DevSecOps: Focus training on 3 key areas



DevOps, with its fast and frequent release cycles, is the new environment that organizations need to contend with in order to stay competitive in the market. It is especially challenging when security considerations come into play since developers don’t often have secure coding expertise and since security practices traditionally stall release cycles.

Despite its necessity, establishing a DevSecOps environment in an organization is no simple feat; it is a complicated, multi-layered process, and much of its success relies on the reinforcement of strong training principles. Managers are often left wondering what specific aspects of training need improvement, as well as which concrete steps they can take to effect real organizational change.

To clarify these questions, we came up with a breakdown of the training components that require attention, as well as an outline of the necessary steps for training your team to operate well in a DevSecOps environment.

When we consider the training issues related to DevSecOps, there are essentially three different areas that we need to consider: Change Management, capabilities, and roles. Although we often hear about the importance of roles, there is a broader scope we must consider in order to be effective. In fact, these three focus areas are all inter-related.

1. Change management

Looking at change management, there are two attributes to consider. First of all, we need to consider the transition states. These will bring the people in an organization from their current state to the desired future state, and they’re a necessary, yet often overlooked, part of the process. So, it is strategic in nature: Which transition state will draw your team away from their current state and toward the desired state? Many engineers in DevSecOps environments are not aware of change management principles. They need to be educated on this important topic since it is integral to establishing a successful DevSecOps environment.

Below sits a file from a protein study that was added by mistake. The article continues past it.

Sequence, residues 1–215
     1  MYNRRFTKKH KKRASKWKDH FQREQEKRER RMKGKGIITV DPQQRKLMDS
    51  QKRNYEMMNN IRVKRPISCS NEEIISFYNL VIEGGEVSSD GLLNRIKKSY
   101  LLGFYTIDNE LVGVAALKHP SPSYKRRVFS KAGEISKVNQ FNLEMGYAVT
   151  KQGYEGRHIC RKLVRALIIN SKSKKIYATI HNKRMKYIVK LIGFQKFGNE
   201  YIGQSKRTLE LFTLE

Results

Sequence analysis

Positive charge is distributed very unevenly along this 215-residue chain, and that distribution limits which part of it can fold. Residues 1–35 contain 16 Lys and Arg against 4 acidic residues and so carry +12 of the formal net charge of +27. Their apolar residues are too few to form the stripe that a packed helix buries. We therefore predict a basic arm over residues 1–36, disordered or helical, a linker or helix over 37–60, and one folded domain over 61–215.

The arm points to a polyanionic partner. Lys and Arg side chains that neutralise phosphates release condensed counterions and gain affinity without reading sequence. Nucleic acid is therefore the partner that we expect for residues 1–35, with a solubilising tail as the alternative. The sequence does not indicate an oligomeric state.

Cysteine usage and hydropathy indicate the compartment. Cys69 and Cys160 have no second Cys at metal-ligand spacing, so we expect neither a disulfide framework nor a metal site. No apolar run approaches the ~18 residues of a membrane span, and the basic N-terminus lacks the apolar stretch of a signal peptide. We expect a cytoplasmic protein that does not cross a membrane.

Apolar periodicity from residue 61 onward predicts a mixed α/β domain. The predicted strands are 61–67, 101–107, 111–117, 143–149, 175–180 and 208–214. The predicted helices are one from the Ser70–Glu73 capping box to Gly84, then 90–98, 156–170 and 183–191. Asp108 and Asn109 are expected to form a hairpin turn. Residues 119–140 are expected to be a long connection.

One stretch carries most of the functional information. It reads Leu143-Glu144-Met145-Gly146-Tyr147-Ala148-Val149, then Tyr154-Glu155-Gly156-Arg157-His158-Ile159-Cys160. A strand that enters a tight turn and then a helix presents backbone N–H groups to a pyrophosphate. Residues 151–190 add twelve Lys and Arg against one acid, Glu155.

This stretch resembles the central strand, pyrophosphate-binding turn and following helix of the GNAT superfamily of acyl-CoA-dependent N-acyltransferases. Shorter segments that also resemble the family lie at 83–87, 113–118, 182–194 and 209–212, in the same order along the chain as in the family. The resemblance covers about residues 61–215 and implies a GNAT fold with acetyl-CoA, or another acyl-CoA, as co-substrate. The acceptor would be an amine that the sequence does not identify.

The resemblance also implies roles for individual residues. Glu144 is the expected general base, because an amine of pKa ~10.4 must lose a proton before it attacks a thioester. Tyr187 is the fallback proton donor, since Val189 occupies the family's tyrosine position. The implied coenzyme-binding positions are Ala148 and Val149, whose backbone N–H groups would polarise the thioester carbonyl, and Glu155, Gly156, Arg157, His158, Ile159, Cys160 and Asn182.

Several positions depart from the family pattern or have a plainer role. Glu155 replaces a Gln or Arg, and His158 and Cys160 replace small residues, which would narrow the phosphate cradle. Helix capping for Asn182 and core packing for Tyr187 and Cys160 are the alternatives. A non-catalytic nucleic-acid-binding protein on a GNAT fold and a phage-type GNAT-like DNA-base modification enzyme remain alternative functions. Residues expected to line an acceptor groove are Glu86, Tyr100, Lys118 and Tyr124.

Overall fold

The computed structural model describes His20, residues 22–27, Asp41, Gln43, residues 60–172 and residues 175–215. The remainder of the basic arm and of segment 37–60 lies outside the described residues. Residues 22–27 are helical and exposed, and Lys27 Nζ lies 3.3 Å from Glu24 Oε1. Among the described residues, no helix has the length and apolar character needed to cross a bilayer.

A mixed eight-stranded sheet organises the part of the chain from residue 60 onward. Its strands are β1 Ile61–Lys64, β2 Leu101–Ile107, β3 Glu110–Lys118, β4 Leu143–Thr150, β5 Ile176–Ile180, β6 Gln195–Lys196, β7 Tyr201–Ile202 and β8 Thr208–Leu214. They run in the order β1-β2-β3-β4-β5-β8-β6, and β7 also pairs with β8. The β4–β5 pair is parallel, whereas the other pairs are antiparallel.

The second attribute to consider is a contribution to the change process. Many change management initiatives fail because of the cultural inertia, and there is significant training involved in getting people on the right side. Helping teams to identify team leaders, or “security champions,” aligning employees’ motivations with organizational priorities, and providing support for their teams becomes the prescriptive work of the aforementioned change-management training.

2. Capabilities

When it comes to capabilities, here we primarily mean skills. First, there’s the technical side of the skills. This is what we usually hear about in the industry. It means things like Continuous Integration (CI) and Continuous Deployment (CD), testing, automation, and so on. Within this domain, we have to move away from undisciplined activities toward more rigorous and in-depth understanding.

This means hard work; there are no shortcuts to achieving this. Here, we see an immediate connection with change management, namely, the need for change management leadership to support this type of discipline and skill refinement.

Second, retention of that knowledge matters. With a lot of time and resources, it is possible to let DevSecOps teams learn naturally. But, in reality, we need to shorten the time frame for learning. Ideally, we want to have an expert alongside team members, while allowing team members to practice in real-world situations.

The best of both worlds emerges with just-in-time-training. This training offers micro-modules that prepare teams to understand security concepts, and, using these courses, developers can immediately start applying this knowledge to their work context. What you end up with is a continuous recall methodology that ensures learning concepts stay within the mind of the individual.

3. Roles

Finally, when it comes to roles, we have to train teams on understanding personal change. It is a requirement for people to understand how their roles will change in the future. Many teams are used to specialization (testing, coding, and so on). What we need to do is train people out of that type of myopic thinking, and to broaden their perspectives so they can think more critically across multiple domains. The goal, then, should be to enhance an individual’s existing role so that they gradually transform into specialists within a number of different areas.

In the end, training people on DevSecOps is not about a single approach. A broader perspective is needed to successfully establish this kind of environment. Systems thinking is essential to drive the necessary change in behavior, which is the intent of successful training programs.

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